Let me start out this review with a very important disclosure: Gnomes and Trolls doesn't do anything wrong; so much as it simply doesn't bring anything memorable to the equation. I open with what should, by all facts and circumstances, should be the conclusion of this report because you are surely perusing reviews so as to determine if this film is worth your (and maybe your family's) time. In that line of thinking you can certainly do worse than to pick this DVD up (especially if you're going to rent it) but it should be said that you could do much better as well. That said, let's take a look at the facts shall we?
Gnomes & Trolls is actually a Swedish film that came out back in 2009 called Gnomes and Trolls: The Secret Chamber. It was then brought over to the Region 1 market in 2010. Here it gets a little bit confusing because right as The Secret Chamber was coming out over here, a sequel was released in Sweden called the Gnomes and Trolls: The Forest Trial. Don't let this bother you though, as the sequel has (to date) shown no signs of making it across the pond.
Anyway, with a fairly modest budget of $5-million, Gnomes and Trolls tells the tale of Junior, a teenage gnome who wants nothing more than to invent gizmos and gadgets in his tree-house laboratory. But Junior's traditional dad, Jalle, who just so happens to be the head gnome of the forest, would prefer his son follow in his footsteps.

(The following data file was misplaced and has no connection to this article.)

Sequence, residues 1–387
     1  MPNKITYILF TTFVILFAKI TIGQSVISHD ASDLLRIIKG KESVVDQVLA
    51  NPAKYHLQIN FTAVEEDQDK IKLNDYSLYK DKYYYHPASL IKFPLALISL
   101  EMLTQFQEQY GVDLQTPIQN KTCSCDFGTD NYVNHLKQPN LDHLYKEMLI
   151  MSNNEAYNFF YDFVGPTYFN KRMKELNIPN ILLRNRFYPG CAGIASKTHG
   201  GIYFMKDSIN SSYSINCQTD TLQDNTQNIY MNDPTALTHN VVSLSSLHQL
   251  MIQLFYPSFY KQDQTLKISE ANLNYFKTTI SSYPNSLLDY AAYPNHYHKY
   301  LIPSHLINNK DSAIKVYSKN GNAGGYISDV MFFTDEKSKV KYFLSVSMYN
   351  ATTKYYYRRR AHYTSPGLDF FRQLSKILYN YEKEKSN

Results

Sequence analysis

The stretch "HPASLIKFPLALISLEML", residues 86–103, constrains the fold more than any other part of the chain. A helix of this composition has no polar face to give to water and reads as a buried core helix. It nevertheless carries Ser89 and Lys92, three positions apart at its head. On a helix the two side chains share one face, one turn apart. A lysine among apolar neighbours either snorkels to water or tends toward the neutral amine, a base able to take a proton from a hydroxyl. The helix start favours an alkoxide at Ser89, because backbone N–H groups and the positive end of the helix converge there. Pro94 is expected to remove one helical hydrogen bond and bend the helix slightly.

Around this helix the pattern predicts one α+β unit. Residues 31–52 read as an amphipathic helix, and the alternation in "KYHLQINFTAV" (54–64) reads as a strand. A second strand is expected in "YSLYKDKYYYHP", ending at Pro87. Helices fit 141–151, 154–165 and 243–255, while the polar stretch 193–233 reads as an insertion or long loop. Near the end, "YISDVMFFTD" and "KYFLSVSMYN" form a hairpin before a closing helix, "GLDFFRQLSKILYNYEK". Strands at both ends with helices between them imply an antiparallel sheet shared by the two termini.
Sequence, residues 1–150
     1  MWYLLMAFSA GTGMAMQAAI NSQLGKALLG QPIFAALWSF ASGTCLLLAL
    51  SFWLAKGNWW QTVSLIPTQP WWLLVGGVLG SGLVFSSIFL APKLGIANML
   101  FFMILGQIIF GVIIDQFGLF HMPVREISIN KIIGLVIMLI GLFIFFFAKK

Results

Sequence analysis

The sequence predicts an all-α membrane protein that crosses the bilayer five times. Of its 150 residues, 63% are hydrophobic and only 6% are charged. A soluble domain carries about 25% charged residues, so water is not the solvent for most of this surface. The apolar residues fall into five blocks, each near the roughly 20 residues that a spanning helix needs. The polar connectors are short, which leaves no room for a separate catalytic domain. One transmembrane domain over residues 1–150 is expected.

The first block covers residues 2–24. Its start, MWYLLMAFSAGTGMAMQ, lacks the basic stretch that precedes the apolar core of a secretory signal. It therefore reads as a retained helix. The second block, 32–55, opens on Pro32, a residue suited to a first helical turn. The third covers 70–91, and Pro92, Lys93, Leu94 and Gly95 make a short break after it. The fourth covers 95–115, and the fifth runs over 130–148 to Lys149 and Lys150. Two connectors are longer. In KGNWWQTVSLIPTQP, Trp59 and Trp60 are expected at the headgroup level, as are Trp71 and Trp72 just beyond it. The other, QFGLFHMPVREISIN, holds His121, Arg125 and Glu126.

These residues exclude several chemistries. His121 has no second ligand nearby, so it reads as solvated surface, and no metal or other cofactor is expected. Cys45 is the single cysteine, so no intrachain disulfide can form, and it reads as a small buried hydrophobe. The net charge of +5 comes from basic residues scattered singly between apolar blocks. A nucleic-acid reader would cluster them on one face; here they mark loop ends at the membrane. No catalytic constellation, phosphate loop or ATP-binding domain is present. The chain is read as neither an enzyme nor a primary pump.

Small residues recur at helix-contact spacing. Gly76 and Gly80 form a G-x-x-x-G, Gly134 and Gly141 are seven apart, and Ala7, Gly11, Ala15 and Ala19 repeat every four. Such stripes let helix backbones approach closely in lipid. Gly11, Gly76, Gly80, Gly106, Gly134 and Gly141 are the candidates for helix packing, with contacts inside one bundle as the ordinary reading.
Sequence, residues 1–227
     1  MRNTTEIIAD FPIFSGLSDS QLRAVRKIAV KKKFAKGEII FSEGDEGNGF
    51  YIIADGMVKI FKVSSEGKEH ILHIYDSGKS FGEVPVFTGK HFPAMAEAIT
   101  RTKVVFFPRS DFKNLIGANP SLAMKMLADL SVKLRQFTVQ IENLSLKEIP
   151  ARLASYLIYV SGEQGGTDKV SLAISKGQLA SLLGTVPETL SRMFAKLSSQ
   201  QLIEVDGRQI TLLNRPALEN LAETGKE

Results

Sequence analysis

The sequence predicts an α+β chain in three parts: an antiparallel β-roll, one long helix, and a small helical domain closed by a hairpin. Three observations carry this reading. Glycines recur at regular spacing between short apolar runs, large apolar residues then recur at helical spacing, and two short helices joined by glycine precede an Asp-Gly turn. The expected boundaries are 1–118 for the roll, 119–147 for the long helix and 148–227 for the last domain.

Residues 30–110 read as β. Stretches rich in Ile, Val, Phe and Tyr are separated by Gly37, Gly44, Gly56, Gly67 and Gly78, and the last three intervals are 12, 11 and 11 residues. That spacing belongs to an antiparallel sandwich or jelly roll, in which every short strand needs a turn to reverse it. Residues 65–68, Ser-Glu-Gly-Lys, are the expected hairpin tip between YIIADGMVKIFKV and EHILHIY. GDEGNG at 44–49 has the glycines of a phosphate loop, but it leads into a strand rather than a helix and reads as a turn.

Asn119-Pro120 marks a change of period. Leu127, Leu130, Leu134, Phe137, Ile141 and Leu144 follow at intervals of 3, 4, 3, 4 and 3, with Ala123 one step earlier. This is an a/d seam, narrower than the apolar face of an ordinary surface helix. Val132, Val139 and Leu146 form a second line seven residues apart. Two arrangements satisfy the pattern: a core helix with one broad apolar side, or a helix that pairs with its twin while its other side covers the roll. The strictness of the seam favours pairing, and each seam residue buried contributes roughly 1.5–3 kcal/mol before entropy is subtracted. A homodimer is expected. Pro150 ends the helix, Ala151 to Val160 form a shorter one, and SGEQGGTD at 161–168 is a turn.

During all of this, perpetually bickering troll brothers Face and Slim execute their evil father Fassa's carefully plotted plan to steal the food from the gnome secret food chamber. After Jalle is accidentally injured, Junior and his best friend Sneaky, a paranoid neurotic crow, embark on a heroic journey to the depths of troll cave to take back the stolen food. Junior and Sneaky's adventure takes them across vast landscapes and into encounters with the unknown.
Interestingly the film was actually conceived as a 50-minute made-for-tv affair and was stretched into a full feature length film only after pressure from Russian and Chinese distributors surfaced. As it stands, the completed work comes in at 70-minutes and the DVD-release is surprisingly devoid of extras. It should also be noted that the film represents Sweden's first foray into the realm of computer generated filmmaking.
The tale is decent enough, especially when summarized and the visuals really aren't too shabby either on a modern high-def television (especially if your DVD player can upscale to 1080p). Like most foreign films brought across the pond, Gnomes and Trolls suffers from slightly slower pacing that we western audiences have come to expect. What this means if you're still on the fence as to whether this one's right for you and yours, the plot meanders around a bit and certainly lacks much of the charm one can expect packed into a big budget Pixar or DreamWorks piece.
The fantasy element is definitely cool here and the environments are rich enough to inspire a slight feeling of wonder but the lackluster pacing and absence of layered humor for adults makes the experience pretty flat-footed overall.
So while I wasted my conclusion in the first line of this review, perhaps it would be best to end it by recommending Disney's Gnomio and Juliet if you're looking for a solid gnomish computer animated feature film that delivers on the charm of the concept of the little tinkerers and their pointed hats.
What did you think of this review?
Fun to Read
About the reviewer
Jason Rider (AKA OneNeo on Amazon.com) is the author of the successful children's fantasy novel series The Uncommon Adventures of Tucker O'Doyle from Bellissima Publishing. … more